Many consumers subscribe to cable providers for Internet, television, and phone services. Some consumers are unhappy with the high prices and poor customer support by their cable providers. If you are unhappy, the May 2014 issue of Consumer Reports magazine provides ratings and resources to lower your monthly bills or find alternate providers.
Over he past few decades, cable providers have raised their prices. The magazine found that the price of "expanded basic cable service" has risen faster than inflation since 1998, and:
"According to a recent report by the Mintel Group, the average cost of home communication services is $154. In the course of a year, that works out to $1,848 -- more than the average household spends on clothing, furniture, or electricity."
For consumers (especially people who subscribe all three services: TV, Internet, and phone) that want to lower their monthly cable bills, the magazine included a section explaining which fees are unavoidable, negotiable, reprehensible, and cut-able. Another section described five negotiation tactics you can use. It pays to negotiate:
"Among the hagglers, 46 percent said their provider dropped the price by as much as $50 per month, 31 percent got a new promotional rate..."
However, the magazine also warned:
"... the high times for hagglers might be coming to an end. Cablevision CEO Jim Dolan has publicly stated that his company will stop offering repeat promotional discounts to subscribers. "The customer that has been bouncing from one company to another on promotional discounts has hit a dead end with us..."
So, consumers must be willing to fire their cable providers. What I liked most about the Consumer Reports article was its ratings and bundle suggestions for replacement services. The magazine provides ratings of more than two-dozen service providers in the following categories:
- Telecom bundles
- TV Service
- Internet service
- Phone service
Ratings included value, reliability, satisfaction, billing, support, call quality (phone), speed (Internet), and picture (television). I found the ratings informative and helpful. Comcast, Time Warner, and Verizon seem to consistently rank near the bottom. Wise consumers already know that USA residents don't get good value because our Internet speeds are slower and cost more than in other countries.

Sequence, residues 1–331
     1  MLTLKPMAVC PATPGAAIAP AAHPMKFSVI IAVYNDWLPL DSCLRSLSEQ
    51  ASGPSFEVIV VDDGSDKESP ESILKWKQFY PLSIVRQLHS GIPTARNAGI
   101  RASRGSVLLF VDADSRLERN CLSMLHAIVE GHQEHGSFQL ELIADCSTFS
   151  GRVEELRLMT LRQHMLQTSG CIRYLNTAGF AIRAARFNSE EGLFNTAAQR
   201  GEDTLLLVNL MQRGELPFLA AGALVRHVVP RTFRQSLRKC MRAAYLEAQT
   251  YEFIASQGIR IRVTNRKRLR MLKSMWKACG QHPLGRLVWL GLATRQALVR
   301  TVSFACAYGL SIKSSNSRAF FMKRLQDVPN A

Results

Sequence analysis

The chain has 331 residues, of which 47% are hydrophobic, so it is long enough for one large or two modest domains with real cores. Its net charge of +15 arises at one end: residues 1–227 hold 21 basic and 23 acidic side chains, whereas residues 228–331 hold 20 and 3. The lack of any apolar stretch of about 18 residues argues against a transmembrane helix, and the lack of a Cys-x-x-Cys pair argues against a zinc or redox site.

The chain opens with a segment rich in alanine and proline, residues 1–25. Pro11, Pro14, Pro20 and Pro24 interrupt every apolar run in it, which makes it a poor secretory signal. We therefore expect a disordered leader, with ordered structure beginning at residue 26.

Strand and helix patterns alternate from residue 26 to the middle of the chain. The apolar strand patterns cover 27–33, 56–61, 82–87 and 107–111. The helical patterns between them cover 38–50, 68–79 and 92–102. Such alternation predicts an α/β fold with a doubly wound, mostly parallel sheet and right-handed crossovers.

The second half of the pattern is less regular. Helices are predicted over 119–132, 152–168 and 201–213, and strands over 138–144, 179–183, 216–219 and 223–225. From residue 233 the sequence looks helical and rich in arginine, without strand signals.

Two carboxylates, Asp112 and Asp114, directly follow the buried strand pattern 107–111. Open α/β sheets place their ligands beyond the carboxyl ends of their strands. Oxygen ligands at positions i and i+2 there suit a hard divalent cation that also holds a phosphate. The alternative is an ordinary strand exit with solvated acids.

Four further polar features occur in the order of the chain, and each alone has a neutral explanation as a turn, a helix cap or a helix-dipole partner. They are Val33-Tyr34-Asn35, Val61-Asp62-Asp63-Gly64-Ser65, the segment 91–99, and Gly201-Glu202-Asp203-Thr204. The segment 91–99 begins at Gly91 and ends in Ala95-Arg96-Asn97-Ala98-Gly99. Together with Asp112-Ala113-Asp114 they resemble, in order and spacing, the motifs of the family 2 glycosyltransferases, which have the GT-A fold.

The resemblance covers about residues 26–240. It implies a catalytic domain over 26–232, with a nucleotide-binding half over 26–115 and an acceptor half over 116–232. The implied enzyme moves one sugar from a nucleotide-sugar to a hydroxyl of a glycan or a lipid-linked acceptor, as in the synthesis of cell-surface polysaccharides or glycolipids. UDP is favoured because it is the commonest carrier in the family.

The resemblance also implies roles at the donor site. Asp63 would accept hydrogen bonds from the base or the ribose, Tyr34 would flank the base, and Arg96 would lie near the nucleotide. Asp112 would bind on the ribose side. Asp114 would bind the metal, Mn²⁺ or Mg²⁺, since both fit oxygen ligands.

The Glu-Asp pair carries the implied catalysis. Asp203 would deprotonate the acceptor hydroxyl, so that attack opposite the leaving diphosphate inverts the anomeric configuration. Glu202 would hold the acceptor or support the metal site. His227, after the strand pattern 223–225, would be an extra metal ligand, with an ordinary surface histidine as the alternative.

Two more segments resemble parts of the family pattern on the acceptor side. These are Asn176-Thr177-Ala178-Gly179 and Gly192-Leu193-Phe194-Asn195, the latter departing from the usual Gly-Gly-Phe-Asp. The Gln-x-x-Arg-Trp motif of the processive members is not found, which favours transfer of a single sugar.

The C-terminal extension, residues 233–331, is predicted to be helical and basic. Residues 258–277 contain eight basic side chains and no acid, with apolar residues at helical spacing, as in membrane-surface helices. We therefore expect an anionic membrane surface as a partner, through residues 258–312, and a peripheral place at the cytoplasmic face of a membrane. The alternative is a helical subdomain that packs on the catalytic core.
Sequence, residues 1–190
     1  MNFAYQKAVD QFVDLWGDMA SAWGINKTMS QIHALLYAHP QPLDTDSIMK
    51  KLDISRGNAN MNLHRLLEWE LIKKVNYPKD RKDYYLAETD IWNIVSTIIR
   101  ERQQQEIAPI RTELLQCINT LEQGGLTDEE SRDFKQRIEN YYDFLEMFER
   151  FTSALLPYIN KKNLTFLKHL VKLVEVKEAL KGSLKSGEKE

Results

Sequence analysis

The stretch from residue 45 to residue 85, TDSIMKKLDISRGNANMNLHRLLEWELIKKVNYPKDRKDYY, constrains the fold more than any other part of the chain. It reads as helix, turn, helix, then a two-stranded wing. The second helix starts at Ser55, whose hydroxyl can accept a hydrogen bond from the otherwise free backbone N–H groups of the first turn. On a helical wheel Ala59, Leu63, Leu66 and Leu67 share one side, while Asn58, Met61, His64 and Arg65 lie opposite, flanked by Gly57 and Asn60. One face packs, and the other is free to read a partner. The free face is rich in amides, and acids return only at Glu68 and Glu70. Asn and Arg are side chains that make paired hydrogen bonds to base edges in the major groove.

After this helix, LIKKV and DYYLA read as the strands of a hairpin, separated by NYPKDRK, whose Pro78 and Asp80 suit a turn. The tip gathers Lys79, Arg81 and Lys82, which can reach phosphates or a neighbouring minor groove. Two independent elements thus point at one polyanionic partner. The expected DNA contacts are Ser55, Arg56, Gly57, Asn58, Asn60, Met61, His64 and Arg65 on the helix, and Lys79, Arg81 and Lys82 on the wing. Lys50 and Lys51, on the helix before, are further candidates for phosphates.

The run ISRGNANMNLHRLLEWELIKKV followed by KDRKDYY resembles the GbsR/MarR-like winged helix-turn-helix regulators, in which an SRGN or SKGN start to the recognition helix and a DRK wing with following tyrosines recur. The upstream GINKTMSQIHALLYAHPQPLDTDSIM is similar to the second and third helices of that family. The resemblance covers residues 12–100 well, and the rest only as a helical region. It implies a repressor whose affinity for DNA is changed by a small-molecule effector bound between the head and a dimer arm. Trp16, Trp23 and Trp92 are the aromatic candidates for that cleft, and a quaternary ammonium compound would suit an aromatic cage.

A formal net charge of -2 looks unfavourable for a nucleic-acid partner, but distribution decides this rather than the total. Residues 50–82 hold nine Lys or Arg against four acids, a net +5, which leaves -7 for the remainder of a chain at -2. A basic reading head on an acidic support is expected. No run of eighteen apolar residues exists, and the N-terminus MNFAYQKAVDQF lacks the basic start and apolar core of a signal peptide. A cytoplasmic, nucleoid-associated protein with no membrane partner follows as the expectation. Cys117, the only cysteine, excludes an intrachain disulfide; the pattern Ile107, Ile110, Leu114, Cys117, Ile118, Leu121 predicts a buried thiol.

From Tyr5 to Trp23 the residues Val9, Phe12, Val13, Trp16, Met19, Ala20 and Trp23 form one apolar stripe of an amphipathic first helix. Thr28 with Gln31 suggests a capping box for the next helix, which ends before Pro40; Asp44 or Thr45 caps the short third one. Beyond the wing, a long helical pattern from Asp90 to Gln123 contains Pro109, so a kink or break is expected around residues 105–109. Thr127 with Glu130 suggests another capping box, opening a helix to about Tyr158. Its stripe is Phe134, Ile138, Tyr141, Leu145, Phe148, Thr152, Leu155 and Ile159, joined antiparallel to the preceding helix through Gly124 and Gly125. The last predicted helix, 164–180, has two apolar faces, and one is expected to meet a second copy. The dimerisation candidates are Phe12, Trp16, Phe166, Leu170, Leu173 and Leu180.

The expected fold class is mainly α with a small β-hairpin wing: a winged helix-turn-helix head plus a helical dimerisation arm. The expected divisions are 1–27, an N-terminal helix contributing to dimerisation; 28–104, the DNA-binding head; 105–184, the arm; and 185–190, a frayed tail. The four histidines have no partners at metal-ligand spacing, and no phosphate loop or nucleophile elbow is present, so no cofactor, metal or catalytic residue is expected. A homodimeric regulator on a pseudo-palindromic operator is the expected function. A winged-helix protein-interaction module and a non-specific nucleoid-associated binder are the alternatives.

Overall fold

I also liked the magazine's suggestions of replacement services that consumers can use to create their own custom bundles. The bundle you create depends upon where you live, the combination of services (e.g., Internet, phone, television) you use to currently, and your television habits (e.g., basic, expanded basic, premium, pay-per-view). Sports fans will probably create different bundles than movie lovers. The magazine's analysis mentioned providers I hadn't heard of before (e.g., WOW, Ooma for phone service, SuddenLink, Bright House), the usual suspects (e.g., Roku, Hulu, Verizon FiOS, Cablevision, DirecTV, Vonage), and others.
You'll have to read the magazine to learn about the specific bundles it recommended. The magazine also provided a mini-review of Google Fiber:
"Broadband speeds in the U.S. are pretty slow -- averaging 9.8 megabits per second... a few cities have hit the jackpot thanks to Google's venture... Kansas City... Provo, Utah... Austin, Texas... Initial setup was quick and easy, but it took three additional visits by Google technicians to fix some bugs. The service promised up to 200 Mbps, although Vidmar's tests using Ookla Speedtest show that he's been averaging 50 Mbps..."
My home is now cable-free. We fired Comcast several months ago after decades with basic cable service. The monthly bill for that service had almost tripled since the mid 1990s. When Comcast encrypted its television transmission, I ordered the free adapters it provided. The problem: Comcast sent low definition adapters and failed to notify me that high-definition adapters were also available. The low-definition adapters (instead of a cable box) provided a degraded television viewing experience. We now use a bundle with Mohu Leaf digital antennas for free over-the-air television, Netflix, and the public library. Our savings paid for the digital antennas in a couple months.
Recently, Pew Research reported that two-thirds of Americans are actively engaged with, use, and value public libraries. So, my library usage is consistent with other's usage.
The bundles you create will vary, as everyone has slightly different television viewing habits. I was never a fan of premium cable channels. I prefer to spend my money on travle rather than television services. People who know me have heard me talk in terms of "cruise units" -- the price of a typical seven-night Caribbean cruise ship vacation. Using the above $154 average monthly cable bill, in five months I've paid for a cruise -- and if I plan ahead, that could include airfare, too.
Of course, consumers' custom bundle creations will change if Congress and the FCC fail to restore net neutrality. Without net Neutrality rules, experts predict several changes to your Internet access including higher prices and degraded service. In that scenario, I expect Internet bills to become as complicated, convoluted, and fee heavy as your current cable television bills. I described in this blog post one provider's Internet prices without net neurtrality.
What custom bundles have you created to replace your cable provider?